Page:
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NCJ Number: 97382 Find in a Library
Title: Chicago Youth Gangs - A New Old Problem
Journal: Journal of Crime and Justice  Volume:7  Dated:(1984)  Pages:1-16
Author(s): G J Bensinger
Date Published: 1984
Page Count: 16
Type: Historical Overview
Format: Article
Language: English
Country: United States of America
Annotation: This review of the history of the youth gang problem in Chicago and current police strategies and tactics to address it issues in the general recommendation that the police adopt a proactive comprehensive social strategy.
Abstract: Chicago has at least 100 gangs, and the largest has 700 to 1,000 members. Their activities have spread to the suburbs and include a wide variety of crimes as well as conflicts with other gangs. In 1981, 84 gang-related homicides occurred in the city. Gang activity in Chicago dates from at least the latter part of the 19th century. During the 1950's and 1960's, the gangs were left on their own. In 1967, the escalation of racial problems and the growth of supergangs led to the formation of the first citywide police gang unit. Community support for gangs, shown in antipoverty funds going to some of them, had dropped rapidly by mid-1970 after the diversion of funds to illegal activities was exposed. Current strategies to combat youth gangs include (1) cooperation between the police and the county prosecutor in arresting and prosecuting gang members; (2) the enactment of legislation making it a felony to force someone to join a gang, providing for the automatic transfer to adult criminal court of juveniles charged with serious crimes, and increasing penalties for gang rape; and (3) efforts by the State's Attorney's Office to assist and protect witnesses against gang defendants. Chicago needs a comprehensive social strategy rather than repeated police reorganization to deal with the problem of gangs. Figures, 26 notes, and 11 references are supplied.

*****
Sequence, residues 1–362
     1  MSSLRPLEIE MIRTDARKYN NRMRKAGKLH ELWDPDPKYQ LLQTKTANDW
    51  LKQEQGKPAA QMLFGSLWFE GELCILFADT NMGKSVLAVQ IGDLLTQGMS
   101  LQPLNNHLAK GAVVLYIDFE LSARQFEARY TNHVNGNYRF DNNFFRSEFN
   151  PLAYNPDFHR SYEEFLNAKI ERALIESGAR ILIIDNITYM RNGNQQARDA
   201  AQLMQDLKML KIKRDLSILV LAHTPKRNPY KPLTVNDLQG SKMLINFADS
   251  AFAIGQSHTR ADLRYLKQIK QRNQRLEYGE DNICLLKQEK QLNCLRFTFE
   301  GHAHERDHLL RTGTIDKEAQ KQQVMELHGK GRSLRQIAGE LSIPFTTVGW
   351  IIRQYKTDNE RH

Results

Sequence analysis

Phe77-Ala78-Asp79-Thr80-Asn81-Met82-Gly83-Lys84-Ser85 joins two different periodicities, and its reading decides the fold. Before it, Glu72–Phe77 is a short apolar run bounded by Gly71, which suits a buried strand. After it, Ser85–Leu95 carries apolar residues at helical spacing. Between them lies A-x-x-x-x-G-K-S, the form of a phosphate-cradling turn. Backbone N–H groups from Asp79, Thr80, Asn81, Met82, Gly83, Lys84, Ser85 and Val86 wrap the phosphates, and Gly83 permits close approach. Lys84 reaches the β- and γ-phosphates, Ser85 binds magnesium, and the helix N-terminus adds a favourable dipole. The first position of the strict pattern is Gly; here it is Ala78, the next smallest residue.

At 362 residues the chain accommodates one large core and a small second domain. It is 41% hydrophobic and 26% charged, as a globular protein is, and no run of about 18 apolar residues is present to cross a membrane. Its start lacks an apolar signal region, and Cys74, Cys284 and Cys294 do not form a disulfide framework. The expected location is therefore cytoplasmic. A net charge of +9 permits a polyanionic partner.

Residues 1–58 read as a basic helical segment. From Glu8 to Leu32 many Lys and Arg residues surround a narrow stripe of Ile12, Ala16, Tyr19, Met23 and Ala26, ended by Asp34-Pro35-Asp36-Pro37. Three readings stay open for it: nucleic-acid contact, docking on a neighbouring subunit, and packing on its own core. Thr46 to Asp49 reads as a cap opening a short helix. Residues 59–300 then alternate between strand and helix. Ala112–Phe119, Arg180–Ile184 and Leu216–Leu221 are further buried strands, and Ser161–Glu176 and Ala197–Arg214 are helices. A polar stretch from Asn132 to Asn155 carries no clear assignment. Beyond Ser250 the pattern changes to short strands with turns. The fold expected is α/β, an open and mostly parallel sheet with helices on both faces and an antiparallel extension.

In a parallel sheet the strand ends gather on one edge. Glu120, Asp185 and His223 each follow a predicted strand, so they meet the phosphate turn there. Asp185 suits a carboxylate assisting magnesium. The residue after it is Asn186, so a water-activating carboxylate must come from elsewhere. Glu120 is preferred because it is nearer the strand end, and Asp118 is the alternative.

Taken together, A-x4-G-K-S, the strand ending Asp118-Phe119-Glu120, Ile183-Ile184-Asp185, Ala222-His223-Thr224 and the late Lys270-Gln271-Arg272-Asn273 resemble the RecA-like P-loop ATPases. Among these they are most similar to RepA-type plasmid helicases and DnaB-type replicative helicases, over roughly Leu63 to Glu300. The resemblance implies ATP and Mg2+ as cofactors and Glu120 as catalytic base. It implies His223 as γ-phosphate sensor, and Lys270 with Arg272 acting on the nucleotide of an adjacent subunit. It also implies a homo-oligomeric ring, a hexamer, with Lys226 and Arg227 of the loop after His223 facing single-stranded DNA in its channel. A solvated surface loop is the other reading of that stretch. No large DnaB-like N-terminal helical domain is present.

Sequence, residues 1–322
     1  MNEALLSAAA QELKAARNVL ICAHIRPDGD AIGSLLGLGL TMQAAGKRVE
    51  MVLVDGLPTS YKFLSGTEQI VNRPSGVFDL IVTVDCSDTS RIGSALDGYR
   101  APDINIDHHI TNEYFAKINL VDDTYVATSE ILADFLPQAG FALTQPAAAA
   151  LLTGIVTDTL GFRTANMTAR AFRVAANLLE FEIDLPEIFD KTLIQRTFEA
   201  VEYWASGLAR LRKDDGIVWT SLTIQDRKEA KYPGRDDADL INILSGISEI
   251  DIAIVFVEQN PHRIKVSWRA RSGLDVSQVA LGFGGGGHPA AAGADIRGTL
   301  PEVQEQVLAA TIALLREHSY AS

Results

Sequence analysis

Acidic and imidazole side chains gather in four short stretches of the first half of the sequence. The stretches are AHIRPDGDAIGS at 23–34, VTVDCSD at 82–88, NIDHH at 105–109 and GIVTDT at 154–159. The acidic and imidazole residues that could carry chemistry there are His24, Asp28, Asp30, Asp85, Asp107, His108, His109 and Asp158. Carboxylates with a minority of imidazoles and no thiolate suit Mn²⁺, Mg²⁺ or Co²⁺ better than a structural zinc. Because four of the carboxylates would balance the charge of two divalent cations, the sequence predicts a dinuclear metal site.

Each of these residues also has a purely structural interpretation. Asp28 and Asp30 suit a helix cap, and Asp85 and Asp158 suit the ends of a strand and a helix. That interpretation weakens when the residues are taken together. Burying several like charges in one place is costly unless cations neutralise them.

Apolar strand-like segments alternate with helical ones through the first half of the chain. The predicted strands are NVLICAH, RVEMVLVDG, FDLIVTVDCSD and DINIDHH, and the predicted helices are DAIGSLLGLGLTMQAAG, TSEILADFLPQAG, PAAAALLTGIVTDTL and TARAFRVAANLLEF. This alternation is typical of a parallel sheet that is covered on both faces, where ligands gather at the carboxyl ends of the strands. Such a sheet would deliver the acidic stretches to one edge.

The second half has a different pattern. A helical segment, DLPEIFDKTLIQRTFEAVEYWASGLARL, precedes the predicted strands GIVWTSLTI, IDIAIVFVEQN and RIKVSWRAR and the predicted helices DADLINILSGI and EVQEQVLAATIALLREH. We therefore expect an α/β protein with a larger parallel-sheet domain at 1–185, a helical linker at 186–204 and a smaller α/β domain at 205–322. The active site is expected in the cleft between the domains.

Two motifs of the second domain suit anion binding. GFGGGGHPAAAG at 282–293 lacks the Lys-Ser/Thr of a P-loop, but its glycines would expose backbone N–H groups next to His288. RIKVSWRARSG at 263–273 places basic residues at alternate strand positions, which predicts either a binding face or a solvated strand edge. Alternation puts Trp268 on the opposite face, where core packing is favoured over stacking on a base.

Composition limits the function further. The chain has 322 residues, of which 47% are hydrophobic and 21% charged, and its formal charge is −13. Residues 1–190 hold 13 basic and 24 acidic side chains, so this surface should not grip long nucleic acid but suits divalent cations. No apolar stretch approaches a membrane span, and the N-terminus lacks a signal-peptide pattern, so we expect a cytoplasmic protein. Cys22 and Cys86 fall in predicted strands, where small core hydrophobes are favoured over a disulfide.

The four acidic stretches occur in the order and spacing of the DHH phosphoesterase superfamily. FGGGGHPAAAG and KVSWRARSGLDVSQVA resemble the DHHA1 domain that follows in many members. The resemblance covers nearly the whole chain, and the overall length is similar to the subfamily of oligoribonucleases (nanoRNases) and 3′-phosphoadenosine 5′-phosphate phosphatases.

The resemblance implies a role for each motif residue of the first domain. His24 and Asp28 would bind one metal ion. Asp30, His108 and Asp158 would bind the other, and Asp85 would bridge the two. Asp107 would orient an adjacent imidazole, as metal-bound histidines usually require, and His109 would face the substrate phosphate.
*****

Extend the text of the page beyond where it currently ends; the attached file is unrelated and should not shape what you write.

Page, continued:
Index Term(s): Illinois; Juvenile/Youth Gangs; Police effectiveness; Police policies and procedures
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